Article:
At the orbit of Jupiter, solar-escape velocity is approximately 18 km/sec. The spacecraft exits the solar system with a hyperbolic-excess velocity of about 30 km/sec or 6.3 AU per year. This is about twice the hyperbolic excess velocity of Voyager. It is sufficient to reach 200 AU in 18 years and 550 AU in 87 years.

Various modifications to the embodiments of the combination solar sail and electrodynamic tether propulsion system 10 of the present invention shown in FIGS. 1-4 may be made without departing from the scope of the present invention. For example, in some embodiments, the length of the electrodynamic tethers 14 may be increased to or decreased, depending on the amount of propulsion to be generated by the tethers 14. In some applications, the electrodynamic tethers 14 may extend out past the outer edges 18 of the solar sail segments 16. In other embodiments, the number of electrodynamic tethers used with the system may increase from six (6) to ten (10) or more or decrease from six (6) to one (1) or two (2).

Thus, although there have been described particular embodiments of the present invention of a new and useful Combination Solar Sail and Electrodynamic Tether Propulsion System, it is not intended that such references be construed as limitations upon the scope of this invention except as set forth in the following claims.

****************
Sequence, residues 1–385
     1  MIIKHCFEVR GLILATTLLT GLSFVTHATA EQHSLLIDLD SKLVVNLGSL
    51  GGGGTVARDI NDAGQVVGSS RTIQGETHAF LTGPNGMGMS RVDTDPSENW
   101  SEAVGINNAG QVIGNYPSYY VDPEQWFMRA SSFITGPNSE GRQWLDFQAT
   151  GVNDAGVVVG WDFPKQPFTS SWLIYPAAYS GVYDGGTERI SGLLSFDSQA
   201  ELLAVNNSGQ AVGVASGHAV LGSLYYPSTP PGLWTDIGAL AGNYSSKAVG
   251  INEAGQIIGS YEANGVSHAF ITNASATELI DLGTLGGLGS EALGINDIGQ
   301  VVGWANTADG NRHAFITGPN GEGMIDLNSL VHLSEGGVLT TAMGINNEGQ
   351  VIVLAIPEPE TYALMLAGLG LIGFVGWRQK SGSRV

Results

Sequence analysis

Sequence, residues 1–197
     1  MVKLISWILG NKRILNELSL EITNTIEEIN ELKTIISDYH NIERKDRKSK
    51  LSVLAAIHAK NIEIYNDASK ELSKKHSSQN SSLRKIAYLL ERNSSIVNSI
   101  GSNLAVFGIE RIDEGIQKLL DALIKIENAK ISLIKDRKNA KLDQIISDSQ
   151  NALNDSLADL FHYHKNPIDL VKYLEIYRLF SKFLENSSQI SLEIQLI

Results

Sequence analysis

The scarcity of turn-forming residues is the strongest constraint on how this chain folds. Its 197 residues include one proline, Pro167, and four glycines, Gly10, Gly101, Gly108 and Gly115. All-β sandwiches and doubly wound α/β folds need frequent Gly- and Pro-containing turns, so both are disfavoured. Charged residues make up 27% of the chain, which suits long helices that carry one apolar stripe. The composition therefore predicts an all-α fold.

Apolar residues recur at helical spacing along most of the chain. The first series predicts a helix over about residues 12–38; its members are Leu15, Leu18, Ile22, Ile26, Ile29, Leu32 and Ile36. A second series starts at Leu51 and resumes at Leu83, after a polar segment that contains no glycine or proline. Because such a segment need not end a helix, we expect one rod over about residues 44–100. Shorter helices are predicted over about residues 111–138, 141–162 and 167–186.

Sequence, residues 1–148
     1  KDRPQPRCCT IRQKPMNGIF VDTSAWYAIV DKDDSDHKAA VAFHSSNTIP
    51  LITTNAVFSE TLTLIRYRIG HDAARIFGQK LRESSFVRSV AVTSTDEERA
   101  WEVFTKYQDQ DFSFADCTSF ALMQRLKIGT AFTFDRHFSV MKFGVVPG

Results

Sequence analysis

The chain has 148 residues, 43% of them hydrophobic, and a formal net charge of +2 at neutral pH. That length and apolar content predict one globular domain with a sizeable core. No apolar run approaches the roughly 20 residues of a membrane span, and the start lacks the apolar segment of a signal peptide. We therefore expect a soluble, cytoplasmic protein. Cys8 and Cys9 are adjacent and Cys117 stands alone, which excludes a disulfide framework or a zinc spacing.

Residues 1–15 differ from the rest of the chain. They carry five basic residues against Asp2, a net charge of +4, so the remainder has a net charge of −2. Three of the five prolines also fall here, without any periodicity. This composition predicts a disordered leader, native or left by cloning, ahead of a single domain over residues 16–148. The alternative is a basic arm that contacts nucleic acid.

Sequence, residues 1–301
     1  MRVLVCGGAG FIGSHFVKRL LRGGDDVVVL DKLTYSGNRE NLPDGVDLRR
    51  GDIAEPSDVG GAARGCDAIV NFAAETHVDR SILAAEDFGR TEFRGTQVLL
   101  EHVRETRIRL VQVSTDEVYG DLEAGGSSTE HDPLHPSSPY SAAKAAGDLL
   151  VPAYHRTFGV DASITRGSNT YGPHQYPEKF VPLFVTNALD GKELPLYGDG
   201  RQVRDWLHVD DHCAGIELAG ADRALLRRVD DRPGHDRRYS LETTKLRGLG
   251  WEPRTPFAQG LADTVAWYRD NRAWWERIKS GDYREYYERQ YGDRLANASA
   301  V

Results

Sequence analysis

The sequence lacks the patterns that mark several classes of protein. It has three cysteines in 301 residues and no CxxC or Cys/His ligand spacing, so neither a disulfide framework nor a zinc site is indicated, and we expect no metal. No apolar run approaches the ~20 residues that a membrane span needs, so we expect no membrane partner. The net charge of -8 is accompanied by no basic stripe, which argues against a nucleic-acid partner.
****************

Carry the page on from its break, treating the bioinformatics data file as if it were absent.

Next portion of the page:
Claims (2)

The invention claimed is:
1. A combination solar sail and electrodynamic tether propulsion system, comprising:
a solar sail system for generating propulsion to propel the spacecraft through space using solar photons; and
an electrodynamic tether system for generating propulsion to steer the spacecraft into orbit around a planet having a magnetic field using the planet's magnetic field, wherein the electrodynamic tether system is operable to generate propulsion to steer the spacecraft through orbital maneuvers around the planet using the planet's magnetic field, and the tether system is further operable to generate power for the spacecraft using the planet's magnetic field, and wherein the electrodynamic tether system includes a plurality of electrodynamic tethers embedded in the solar sail system.
2. A combination solar sail and electrodynamic tether propulsion system, comprising:
a solar sail system for generating propulsion for the spacecraft using solar photons to propel the spacecraft through space, the solar sail system including a solar sail having a plurality of sail segments connected together forming a central opening; and
an electrodynamic tether system for generating propulsion for the spacecraft using a planet's magnetic field to steer the spacecraft into orbit and through orbital maneuvers around the planet, and for generating power for the spacecraft using the planet's magnetic field, the electrodynamic tether system including a plurality of electrodynamic tethers embedded in the solar sail.